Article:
5AACHI30 Generals, Tyrants, and Demagogues, or How to be a Leader in Ancient Greece
Credit value: 15
Module convenor/tutor: Dr Irene Polinskaya
Teaching pattern: 10 x 2-hour seminars (weekly)
Availability: Please see module list for relevant year
Assessment: 2 x 2,000 word essays (the higher marked essay is weighted at 70%, while the lower is weighted at 30%)
The modules offered in each academic year are subject to change in line with staff availability and student demand: there is no guarantee every module will run. Module descriptions and information may vary between years.
The module addresses the subject of popular leadership in ancient Greece: who the leaders of ancient Greek communities were, and how they reached their positions of authority. We will need to understand (through myth, poetry, and art) the system of values that operated in contemporary society and we will need to look into the mechanisms of government that enabled individuals to assume positions of leadership (here ancient political theory and historical accounts will be used). Among other questions we will be asking: Why did an Olympic victor attempt to become a tyrant? Did one need military talent to be a general? What qualities were needed to get one re-elected for office time and again? Did democracies and oligarchies produce different kinds of leaders? How could a tyrant gain popular support?
Through the study of key ancient Greek sources in translation students will become familiar with the primary evidence on the subject and obtain the necessary background knowledge to debate the power of individuals to shape history. In the process, they will gain a deeper understanding of the political and cultural conditions of the ancient Greek world, as well as learn valuable comparative material for the study of modern leadership.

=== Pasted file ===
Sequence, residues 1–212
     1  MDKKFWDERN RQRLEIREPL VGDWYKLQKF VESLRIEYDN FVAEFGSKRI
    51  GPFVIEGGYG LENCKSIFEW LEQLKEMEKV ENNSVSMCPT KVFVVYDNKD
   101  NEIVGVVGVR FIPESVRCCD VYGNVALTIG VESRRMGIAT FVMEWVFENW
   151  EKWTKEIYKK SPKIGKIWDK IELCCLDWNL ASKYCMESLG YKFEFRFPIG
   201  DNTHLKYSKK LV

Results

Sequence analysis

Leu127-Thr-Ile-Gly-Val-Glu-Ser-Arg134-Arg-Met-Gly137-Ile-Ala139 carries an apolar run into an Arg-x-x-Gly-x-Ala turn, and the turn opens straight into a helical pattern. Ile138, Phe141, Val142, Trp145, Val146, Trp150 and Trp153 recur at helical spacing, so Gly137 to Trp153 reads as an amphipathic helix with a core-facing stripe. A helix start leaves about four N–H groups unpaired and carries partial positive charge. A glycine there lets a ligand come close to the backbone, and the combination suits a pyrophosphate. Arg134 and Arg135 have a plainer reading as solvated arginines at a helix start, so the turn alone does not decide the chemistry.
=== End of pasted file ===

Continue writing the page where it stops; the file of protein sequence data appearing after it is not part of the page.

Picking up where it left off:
Suggested introductory reading
This is suggested reading and purchase of these books is not mandatory.
Herodotus; Thucydides; Aristotle “Constitution of the Athenians”; Xenophon “Anabasis”, “Hiero”; Plutarch “Themistocles,” “Solon”, “Pericles” ; speeches of Demosthenes and Isocrates
Hamel, D. (1998), Athenian Generals: Military Authority in the Classical Period.
Ober, J. (1989) Mass and Elite in Democratic Athens
B. Manville, J. Ober (2003) A Company of Citizens: what the world’s first democracy teaches leaders about creating great organizations. Boston
M. I. Finley (1962) “Athenian Demagogues”, Past and Present 21: 3-24
Kennedy, G. A. (1963) The Art of Persuasion in Ancient Greece
S. Lewis (2009) Greek Tyranny.
B.M. Lavelle (2005) Fame, money and power: the rise of Peisistratos and ‘democratic’ tyranny at Athens.
H. Sancisi-Weerdenburg, ed. (2000) Peisistratos and the Tyranny: A Reappraisal of the Evidence
J.F. McGlew (1993) Tyranny and political culture in ancient Greece.